Fossilized dung beetle balls are part of a comprehensive fossil collection project to reconstruct the habitat of Ardipithecus ramidus.
Stone tools similar to those found at prehistoric archaeological sites can be made by fracturing rocks, a technique known as flintknapping.
The floor of a rift valley is prone to periodic floods that carry in fine silt--the sedimentary matter responsible for fossil formation.
Due to the delicate nature of fossils, a hardening chemical is dripped onto every fossil before it is removed from the soil.
Ms. Pepe talks about her experiences doing field work with the Shea lab as an undergraduate at Stony Brook University.
African rift valleys were formed by the separation of tectonic plates. Water flows down to the valley floors, creating rivers and lakes.
Dr. Shea discusses his early interest in anthropology, how field work has changed over the years, and his outside interests.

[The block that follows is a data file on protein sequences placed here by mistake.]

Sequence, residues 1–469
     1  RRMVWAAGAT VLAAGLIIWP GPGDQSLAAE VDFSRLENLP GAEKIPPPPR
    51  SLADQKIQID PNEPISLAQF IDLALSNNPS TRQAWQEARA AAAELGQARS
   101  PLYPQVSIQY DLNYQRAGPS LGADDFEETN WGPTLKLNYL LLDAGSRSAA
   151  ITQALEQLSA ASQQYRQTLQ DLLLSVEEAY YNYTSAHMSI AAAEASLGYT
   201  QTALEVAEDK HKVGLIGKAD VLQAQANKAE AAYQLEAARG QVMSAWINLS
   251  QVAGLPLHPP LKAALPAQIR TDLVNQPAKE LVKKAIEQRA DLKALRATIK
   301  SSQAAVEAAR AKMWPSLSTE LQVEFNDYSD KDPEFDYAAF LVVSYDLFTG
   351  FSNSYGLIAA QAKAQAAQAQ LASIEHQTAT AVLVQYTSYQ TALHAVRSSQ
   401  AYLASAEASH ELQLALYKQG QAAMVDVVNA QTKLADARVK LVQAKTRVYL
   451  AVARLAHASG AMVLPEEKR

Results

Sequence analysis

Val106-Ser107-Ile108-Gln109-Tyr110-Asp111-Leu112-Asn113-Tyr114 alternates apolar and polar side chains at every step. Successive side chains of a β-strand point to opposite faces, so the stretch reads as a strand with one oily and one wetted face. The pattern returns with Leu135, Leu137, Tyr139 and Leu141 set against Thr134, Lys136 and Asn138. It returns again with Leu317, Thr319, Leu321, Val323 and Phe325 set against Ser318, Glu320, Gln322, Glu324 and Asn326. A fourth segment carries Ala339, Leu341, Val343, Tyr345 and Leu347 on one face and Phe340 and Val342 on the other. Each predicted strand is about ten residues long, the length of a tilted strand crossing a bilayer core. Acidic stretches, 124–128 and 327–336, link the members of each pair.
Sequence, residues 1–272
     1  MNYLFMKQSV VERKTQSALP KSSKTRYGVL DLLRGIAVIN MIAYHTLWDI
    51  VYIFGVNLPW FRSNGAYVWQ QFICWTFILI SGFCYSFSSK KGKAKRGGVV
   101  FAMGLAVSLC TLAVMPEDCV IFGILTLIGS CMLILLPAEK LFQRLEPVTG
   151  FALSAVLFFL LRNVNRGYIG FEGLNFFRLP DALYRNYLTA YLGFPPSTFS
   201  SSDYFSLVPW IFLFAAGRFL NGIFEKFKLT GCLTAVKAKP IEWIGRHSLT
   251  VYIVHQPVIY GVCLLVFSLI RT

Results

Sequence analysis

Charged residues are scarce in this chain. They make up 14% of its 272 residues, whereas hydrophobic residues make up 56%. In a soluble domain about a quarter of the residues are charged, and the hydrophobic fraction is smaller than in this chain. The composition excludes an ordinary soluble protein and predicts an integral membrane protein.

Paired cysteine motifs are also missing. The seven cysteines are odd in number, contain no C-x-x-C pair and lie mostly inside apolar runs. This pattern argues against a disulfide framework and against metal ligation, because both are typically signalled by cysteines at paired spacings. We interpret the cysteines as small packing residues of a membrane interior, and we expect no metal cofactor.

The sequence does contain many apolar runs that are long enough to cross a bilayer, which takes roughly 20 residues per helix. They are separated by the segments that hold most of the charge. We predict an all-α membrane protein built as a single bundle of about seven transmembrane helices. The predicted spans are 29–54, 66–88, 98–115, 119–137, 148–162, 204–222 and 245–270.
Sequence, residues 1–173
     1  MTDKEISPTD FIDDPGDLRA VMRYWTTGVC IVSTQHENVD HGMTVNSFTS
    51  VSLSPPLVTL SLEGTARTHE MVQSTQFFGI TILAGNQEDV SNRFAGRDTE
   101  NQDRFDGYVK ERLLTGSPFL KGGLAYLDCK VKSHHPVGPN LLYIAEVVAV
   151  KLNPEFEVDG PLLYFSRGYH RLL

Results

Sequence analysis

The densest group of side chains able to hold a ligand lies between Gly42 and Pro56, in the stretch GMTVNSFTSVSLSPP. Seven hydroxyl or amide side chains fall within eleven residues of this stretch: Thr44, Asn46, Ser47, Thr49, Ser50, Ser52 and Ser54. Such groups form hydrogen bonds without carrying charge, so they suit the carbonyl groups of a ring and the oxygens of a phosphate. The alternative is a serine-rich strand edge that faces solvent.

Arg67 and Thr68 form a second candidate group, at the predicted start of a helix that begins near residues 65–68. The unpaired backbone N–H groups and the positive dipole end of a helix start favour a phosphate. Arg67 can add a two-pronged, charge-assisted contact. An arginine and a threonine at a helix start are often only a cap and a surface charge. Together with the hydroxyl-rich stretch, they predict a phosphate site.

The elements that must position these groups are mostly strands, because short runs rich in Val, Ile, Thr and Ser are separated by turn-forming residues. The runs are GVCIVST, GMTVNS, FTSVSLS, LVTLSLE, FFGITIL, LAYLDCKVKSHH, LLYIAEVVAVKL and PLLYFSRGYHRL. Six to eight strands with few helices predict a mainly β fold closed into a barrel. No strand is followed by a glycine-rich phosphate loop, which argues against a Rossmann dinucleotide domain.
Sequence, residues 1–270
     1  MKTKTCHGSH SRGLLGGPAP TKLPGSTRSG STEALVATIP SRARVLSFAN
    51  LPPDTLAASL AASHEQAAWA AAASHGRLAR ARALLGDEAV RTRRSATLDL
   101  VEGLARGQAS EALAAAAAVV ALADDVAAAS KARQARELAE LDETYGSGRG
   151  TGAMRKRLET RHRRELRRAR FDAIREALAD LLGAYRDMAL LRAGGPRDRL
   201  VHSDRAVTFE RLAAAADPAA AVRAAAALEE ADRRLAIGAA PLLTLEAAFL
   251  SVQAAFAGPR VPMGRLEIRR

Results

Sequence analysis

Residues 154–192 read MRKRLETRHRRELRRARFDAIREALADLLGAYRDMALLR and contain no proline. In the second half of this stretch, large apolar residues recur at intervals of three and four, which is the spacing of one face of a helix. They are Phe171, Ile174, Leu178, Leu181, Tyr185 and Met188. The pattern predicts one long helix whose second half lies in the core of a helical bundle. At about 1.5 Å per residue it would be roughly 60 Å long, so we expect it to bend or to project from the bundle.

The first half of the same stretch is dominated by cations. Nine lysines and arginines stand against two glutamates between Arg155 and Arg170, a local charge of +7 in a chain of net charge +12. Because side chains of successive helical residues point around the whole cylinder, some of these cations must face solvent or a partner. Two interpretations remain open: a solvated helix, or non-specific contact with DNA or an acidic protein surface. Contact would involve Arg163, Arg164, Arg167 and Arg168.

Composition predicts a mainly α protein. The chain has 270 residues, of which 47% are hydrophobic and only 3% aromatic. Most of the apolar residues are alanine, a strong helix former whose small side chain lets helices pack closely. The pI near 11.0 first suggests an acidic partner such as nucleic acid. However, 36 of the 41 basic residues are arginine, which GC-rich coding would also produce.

Prehistoric stone tools are classified into six broad technological modes by the level of sophistication and method of fabrication.
Where and when did humans arise? What distinguishes us from other species? Did our distant ancestors look and behave like us?
How reasoning and evidence are used to understand human evolution.
Stone tools are well-preserved evidence of past human activity.
The hominid fossil record of the past six million years gives us surprising insights into the path of human evolution.
Comparing features of a 4.4-million-year-old fossil skeleton to those of human and chimpanzee skeletons sheds light on our evolutionary history.
Paleoanthropology provides an excellent example of the scientific process at work.
The poster from the 2011 Holiday Lectures on Science, Bones, Stones and Genes: The Origin of Modern Humans. It provides a unique look at the classic "tree of life" and features a timeline of various hominid fossils and their stone tool usage.
A text transcript of the 2011 Holiday Lectures on Science, Bones, Stones, and Genes: The Origin of Modern Humans.